I have lost a trusted friend, and I don’t know where to turn. My friend was 94 and had been suffering from Alzheimer’s for at least a decade. But just knowing she was still alive was a comfort somehow.
For years she doled out advice to me—well, me and millions of other devoted readers in more than 1,000 newspapers around the world. She was always smart and often funny. And she never mistook deep feeling for truth: just because you felt something strongly didn’t make it a fact, my friend always implied.
People always said she had common sense, but I always thought it was more than that. In just a few pithy words, she could get right to the core of a problem and save everyone a lot of time and bother.
Like this exchange:
Dear A—-: Our son married a girl when he was in the service. They were married in February and she had an 8 1/2-pound baby girl in August. She said the baby was premature. Can an 8 1/2-pound baby be this premature?—Wanting to Know
Dear Wanting: The baby was on time. The wedding was late. Forget it.
That’s uncommon good sense, if you ask me.
She had a weird ability to set you straight and make you laugh at yourself at the same time. And how many of us over decades did she slowly but surely drag to more broadminded positions on marriage, premarital sex, homosexuality, hospice care—you name it? Little by little, in column after column, she made the world a more comfortable place for an awful lot of people.
And how many times did people write in just to see what she would say? She didn’t disappoint them.
Dear A—-: What’s the difference between a wife and a mistress?—Bess
Dear Bess: Night and Day.
My friend wrote under a pseudonym. Her married name was Pauline Phillips. She was born Pauline Esther Friedman in Sioux City, Iowa, in 1918. Her father ran a chain of movie theaters. And get this: she had an identical twin, and not only a twin but one in the same business she was in: advice columnist. Her twin—I’ll call her Ann—started in the business first, but Ann kept asking her sister for, ahem, advice on how to write the advice column. So after a while, my friend went into the business for herself. Needless to say, those women were very competitive. Once they didn’t speak to each other for almost five years. (See: Physician, heal thyself, etc.)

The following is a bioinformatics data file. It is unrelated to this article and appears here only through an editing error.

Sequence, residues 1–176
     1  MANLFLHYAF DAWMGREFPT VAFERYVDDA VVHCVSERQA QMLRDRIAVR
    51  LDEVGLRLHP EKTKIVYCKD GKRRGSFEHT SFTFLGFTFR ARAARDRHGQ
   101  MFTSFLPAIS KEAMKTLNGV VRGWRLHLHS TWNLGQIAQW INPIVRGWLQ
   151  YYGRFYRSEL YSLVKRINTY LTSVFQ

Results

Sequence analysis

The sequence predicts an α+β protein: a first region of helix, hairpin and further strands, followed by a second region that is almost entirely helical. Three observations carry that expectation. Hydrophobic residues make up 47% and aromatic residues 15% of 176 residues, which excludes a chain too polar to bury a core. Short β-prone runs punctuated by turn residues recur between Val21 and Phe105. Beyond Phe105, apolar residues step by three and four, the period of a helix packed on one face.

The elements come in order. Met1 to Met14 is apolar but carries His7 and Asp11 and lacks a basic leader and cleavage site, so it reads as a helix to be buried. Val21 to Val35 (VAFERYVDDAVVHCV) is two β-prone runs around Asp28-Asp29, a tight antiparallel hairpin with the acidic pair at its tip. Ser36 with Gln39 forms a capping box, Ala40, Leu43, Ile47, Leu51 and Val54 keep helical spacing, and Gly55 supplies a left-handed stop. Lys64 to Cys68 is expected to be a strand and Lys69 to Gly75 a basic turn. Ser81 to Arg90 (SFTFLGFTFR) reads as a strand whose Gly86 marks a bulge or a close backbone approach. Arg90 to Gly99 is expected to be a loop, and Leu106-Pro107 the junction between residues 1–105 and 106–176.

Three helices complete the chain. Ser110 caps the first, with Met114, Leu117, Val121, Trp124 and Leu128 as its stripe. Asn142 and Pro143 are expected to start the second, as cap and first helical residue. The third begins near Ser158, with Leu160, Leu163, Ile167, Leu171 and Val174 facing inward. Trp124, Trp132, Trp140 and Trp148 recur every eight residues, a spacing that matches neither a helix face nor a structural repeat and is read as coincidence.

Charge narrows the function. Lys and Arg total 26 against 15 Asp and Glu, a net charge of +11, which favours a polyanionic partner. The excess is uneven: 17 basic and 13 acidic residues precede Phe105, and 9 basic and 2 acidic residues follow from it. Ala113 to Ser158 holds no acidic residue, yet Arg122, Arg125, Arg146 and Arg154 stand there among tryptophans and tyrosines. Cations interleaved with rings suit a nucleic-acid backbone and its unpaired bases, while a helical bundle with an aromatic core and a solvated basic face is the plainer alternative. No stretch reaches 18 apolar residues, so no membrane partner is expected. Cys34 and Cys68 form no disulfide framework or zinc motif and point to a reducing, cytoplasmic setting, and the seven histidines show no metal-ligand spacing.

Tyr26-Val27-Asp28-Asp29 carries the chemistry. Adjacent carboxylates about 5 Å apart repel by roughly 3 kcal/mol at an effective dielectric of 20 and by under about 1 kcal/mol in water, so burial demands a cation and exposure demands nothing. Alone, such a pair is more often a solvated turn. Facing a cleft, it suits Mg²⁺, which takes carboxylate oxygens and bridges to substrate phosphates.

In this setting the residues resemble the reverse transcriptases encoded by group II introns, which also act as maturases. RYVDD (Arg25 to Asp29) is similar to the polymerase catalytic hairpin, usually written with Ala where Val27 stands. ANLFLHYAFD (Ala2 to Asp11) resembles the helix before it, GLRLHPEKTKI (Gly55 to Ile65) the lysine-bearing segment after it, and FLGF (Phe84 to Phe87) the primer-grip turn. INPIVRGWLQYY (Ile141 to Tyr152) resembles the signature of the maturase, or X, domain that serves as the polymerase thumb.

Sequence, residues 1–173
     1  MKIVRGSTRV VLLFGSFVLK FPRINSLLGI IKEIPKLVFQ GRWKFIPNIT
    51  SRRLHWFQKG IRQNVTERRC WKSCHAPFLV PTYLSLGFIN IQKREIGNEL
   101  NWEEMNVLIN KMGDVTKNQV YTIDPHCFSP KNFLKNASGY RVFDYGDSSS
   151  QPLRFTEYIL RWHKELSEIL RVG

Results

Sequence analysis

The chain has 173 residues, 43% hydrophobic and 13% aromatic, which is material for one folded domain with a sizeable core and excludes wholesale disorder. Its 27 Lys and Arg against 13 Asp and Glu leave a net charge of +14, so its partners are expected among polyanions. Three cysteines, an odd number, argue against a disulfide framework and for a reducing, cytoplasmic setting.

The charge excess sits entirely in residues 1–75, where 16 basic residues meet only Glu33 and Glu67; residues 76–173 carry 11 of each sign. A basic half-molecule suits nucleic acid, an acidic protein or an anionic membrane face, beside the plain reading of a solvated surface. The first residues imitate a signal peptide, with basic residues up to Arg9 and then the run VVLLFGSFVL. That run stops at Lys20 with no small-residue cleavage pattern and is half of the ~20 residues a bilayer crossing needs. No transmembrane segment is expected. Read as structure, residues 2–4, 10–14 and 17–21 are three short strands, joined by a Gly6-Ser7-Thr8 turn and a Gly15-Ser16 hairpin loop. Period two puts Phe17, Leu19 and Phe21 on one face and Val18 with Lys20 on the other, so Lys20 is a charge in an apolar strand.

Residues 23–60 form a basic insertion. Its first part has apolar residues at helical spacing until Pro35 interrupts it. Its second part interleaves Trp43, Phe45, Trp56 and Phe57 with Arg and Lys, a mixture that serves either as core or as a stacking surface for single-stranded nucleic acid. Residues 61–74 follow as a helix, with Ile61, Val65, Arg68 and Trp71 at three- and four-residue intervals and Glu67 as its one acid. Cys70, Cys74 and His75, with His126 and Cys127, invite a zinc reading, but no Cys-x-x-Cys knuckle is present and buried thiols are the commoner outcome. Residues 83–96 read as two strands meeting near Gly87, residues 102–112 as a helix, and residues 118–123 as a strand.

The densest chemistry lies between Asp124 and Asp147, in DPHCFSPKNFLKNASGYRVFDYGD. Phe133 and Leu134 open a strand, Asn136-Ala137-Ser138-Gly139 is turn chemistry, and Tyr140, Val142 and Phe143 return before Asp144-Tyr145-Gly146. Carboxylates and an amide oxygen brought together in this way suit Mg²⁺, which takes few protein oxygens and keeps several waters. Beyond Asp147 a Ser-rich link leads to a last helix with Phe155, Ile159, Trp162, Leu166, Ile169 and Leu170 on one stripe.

My friend’s daughter writes the column her mother started in 1956. It’s still smart, but I think it misses something, some mysterious zing that only my friend had. Of course, maybe it’s just that these days everyone is shouting advice at me all the time—Drs. Ruth, Laura, and Phil, Judge Judy, and on and on. I don’t need more advice!
She never made fun of people, never made them feel small—unless they really deserved it. Petty relatives and bigots got short shrift.
It wasn’t like that in my friend’s heyday. Twenty years ago, you picked up your newspaper, checked the front page, scanned the funnies, and then turned down to my friend’s column to read about someone who was probably having a harder time of it than you were—someone who was Miffed at Mom, or Unexpectedly Expecting in Encino. There was just enough heartache and misery, all of it sorted out by my friend’s smart, tart answers, to get you through breakfast.
Did my friend and her sister open the door to people talking more directly about feelings, and family spats and all the other hair-pulling that now keeps daytime TV afloat? Sure they did. Or they helped a lot. The thing is, they did it better, and my friend did it best (her sister, Ann, could be a little … earnest).
Did I ever take my friend’s advice? Umm, maybe not directly (I wasn’t Knocked Up in Toledo). But the way my friend dispensed her advice, with a tone that said “don’t take yourself and your little problems so seriously” that made a big impact. She never made fun of people, never made them feel small—unless they really deserved it. Petty relatives and bigots got short shrift. The rest of us just learned not to sweat the small stuff and to be a little more broadminded and accepting about our neighbors and our in-laws.
OK, Abby, you’re a smart lady, so I know you’ve figured out that I’m not writing to you, I’m writing about you. And I don’t really need advice. I just wanted to pretend, for a little while, that you were still around.
So I’ll close now, because I know how busy you must be. Surely angels need good advice, too.
Bereft at The Daily Beast